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Article: Two variations of a novel search task to investigate the nature and limits of the distribution of visual attention

TitleTwo variations of a novel search task to investigate the nature and limits of the distribution of visual attention
Authors
Issue Date2002
PublisherAssociation for Research in Vision and Ophthalmology. The Journal's web site is located at http://wwwjournalofvisionorg/
Citation
Journal Of Vision, 2002, v. 2 n. 7, p. 736a How to Cite?
AbstractIn order to demonstrate that attention is distributed disjointly, we created a search task with a high penalty for attention to intervening areas. The area to which observers must attend is defined by a square-wave grating. A single target is located in one of the even strips (along with distractors), and ten false targets (identical to the real target) are located in the odd strips (also with distractors). To successfully report the location of the real target (versus the many false ones), the observer must both attend even strips and strongly ignore odd strips. With only two strips, one above, one below fixation (or one left, one right of fixation), it is easy to attend to one and ignore the other. As the number of strips increases, performance declines. Yet even with 12 strips, including six disjoint attended areas, analysis shows that all six strips are - to some degree - attended, and the intervening strips are - to a greater extent - unattended. A color-coded square wave grating (instruction grating) is used to indicate the areas to be attended and ignored. In one version of the task, the instruction grating is turned off before stimulus presentation. In another version, the instruction grating remains on, superimposed on the search stimulus. The data from both procedures indicate the attenuation of attentional modulation (between attended and unattended areas) with increases in spatial frequency. The results from these tasks are a critical ingredient for models of the distribution of spatial attention across the visual field as a combination of attentional modulation and visual acuity.
Persistent Identifierhttp://hdl.handle.net/10722/169040
ISSN
2015 Impact Factor: 2.341
2015 SCImago Journal Rankings: 1.042

 

DC FieldValueLanguage
dc.contributor.authorGobell, Jen_US
dc.contributor.authorTseng, CHen_US
dc.contributor.authorSperling, Gen_US
dc.date.accessioned2012-10-08T03:41:03Z-
dc.date.available2012-10-08T03:41:03Z-
dc.date.issued2002en_US
dc.identifier.citationJournal Of Vision, 2002, v. 2 n. 7, p. 736aen_US
dc.identifier.issn1534-7362en_US
dc.identifier.urihttp://hdl.handle.net/10722/169040-
dc.description.abstractIn order to demonstrate that attention is distributed disjointly, we created a search task with a high penalty for attention to intervening areas. The area to which observers must attend is defined by a square-wave grating. A single target is located in one of the even strips (along with distractors), and ten false targets (identical to the real target) are located in the odd strips (also with distractors). To successfully report the location of the real target (versus the many false ones), the observer must both attend even strips and strongly ignore odd strips. With only two strips, one above, one below fixation (or one left, one right of fixation), it is easy to attend to one and ignore the other. As the number of strips increases, performance declines. Yet even with 12 strips, including six disjoint attended areas, analysis shows that all six strips are - to some degree - attended, and the intervening strips are - to a greater extent - unattended. A color-coded square wave grating (instruction grating) is used to indicate the areas to be attended and ignored. In one version of the task, the instruction grating is turned off before stimulus presentation. In another version, the instruction grating remains on, superimposed on the search stimulus. The data from both procedures indicate the attenuation of attentional modulation (between attended and unattended areas) with increases in spatial frequency. The results from these tasks are a critical ingredient for models of the distribution of spatial attention across the visual field as a combination of attentional modulation and visual acuity.en_US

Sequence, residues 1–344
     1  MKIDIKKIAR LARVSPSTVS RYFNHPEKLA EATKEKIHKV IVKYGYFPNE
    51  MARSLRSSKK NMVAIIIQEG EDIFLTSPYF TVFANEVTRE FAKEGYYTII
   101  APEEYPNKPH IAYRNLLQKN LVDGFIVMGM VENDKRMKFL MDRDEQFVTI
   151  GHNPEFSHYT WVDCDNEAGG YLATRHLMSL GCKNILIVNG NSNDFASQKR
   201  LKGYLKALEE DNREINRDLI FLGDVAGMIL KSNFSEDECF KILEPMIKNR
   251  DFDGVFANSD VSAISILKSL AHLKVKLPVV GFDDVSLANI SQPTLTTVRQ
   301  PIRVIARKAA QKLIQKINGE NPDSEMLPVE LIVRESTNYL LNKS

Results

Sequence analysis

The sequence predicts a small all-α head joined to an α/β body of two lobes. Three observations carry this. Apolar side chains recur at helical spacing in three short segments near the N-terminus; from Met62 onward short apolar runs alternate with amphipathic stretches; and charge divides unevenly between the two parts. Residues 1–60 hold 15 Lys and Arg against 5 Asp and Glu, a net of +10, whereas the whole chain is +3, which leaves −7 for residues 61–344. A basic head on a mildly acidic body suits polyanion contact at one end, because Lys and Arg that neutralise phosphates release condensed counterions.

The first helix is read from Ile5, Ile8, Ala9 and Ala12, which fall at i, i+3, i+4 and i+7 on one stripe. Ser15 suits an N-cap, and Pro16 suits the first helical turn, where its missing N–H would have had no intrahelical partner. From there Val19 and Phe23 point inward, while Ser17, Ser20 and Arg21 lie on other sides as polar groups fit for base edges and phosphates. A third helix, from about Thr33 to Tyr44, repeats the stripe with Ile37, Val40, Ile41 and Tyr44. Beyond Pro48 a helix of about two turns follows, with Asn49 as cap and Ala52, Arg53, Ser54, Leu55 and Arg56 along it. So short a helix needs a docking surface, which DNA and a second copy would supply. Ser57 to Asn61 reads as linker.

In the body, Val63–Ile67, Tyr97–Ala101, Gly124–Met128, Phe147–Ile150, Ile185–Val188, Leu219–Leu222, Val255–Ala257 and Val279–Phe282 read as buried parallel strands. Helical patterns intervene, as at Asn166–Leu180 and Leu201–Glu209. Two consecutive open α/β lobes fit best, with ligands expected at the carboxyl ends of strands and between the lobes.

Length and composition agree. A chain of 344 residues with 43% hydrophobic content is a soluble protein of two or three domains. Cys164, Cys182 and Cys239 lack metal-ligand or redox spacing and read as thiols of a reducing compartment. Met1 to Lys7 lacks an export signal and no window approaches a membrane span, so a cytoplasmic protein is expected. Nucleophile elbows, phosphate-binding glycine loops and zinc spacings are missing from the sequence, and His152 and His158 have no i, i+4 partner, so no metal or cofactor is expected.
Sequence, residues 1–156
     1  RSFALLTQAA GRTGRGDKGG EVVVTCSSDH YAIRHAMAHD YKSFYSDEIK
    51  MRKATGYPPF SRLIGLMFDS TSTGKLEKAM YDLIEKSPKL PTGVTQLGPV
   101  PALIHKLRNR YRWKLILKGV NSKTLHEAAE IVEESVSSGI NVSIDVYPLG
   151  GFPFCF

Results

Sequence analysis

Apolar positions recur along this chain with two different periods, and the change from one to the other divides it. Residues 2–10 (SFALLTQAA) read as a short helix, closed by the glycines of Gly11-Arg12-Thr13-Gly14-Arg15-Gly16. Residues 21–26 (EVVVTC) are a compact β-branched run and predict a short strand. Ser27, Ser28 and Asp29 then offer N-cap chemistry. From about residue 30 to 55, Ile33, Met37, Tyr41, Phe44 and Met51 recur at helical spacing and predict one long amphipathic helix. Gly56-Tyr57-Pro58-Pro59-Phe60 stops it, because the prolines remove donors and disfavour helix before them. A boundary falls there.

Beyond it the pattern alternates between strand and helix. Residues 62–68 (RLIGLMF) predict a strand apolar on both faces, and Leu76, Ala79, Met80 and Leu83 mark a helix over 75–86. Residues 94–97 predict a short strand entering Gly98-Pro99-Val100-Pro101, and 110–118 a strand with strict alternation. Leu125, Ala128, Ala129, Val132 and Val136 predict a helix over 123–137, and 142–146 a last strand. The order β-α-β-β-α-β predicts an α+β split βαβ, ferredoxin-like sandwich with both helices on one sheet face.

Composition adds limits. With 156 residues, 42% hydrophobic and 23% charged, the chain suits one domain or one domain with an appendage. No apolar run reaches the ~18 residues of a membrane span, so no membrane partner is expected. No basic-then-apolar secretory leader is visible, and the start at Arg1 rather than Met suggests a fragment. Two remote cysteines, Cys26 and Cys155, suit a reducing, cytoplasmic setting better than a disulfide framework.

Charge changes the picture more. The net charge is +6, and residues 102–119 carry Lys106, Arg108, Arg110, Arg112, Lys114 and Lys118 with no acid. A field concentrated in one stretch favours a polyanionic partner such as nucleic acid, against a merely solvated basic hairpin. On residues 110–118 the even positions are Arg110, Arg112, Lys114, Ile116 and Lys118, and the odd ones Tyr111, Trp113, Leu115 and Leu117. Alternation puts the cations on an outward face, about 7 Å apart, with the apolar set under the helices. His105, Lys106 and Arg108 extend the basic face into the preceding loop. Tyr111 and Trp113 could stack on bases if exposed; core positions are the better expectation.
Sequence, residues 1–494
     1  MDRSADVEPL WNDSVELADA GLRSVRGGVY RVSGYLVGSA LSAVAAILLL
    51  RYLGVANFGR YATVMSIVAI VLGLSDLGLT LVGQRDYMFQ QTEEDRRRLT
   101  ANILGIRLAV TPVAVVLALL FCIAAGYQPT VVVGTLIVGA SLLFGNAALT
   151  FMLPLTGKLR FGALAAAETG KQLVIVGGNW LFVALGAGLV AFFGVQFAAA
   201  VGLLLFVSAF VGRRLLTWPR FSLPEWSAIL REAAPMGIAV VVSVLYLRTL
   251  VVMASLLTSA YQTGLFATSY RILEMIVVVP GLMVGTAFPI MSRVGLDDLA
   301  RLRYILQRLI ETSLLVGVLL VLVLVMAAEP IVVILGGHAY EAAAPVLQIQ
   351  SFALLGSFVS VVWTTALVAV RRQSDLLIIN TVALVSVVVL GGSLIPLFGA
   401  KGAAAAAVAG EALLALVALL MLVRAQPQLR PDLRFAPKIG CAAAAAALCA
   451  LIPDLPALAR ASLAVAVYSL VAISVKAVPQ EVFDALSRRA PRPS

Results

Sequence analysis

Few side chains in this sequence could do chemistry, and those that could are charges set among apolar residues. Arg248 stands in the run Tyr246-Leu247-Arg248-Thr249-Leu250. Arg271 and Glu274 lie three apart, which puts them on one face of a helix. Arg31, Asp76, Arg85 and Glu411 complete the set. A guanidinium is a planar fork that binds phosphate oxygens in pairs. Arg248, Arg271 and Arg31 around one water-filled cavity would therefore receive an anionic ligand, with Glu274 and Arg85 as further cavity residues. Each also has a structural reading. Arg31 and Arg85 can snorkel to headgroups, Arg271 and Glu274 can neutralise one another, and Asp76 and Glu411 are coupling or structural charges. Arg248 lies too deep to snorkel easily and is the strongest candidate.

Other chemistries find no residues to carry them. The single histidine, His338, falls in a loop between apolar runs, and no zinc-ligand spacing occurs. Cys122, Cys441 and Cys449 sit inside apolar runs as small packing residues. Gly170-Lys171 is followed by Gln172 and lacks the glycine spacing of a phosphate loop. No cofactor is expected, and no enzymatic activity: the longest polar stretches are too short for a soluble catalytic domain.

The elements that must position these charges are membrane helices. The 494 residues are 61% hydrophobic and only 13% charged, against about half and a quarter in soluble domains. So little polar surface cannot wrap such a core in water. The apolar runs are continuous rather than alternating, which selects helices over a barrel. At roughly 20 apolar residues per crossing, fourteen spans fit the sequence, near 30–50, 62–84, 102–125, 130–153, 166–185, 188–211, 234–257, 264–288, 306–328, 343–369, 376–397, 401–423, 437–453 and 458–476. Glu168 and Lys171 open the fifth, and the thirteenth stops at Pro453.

dc.languageengen_US
dc.publisherAssociation for Research in Vision and Ophthalmology. The Journal's web site is located at http://wwwjournalofvisionorg/en_US
dc.relation.ispartofJournal of Visionen_US
dc.titleTwo variations of a novel search task to investigate the nature and limits of the distribution of visual attentionen_US
dc.typeArticleen_US
dc.identifier.emailTseng, CH:tseng@hku.hken_US
dc.identifier.authorityTseng, CH=rp00640en_US
dc.description.naturelink_to_subscribed_fulltexten_US
dc.identifier.doi10.1167/2.7.736en_US
dc.identifier.scopuseid_2-s2.0-4243088023en_US
dc.identifier.volume2en_US
dc.identifier.issue7en_US
dc.identifier.spage736aen_US
dc.publisher.placeUnited Statesen_US
dc.identifier.scopusauthoridGobell, J=6602576418en_US
dc.identifier.scopusauthoridTseng, CH=7402541752en_US
dc.identifier.scopusauthoridSperling, G=7006467228en_US

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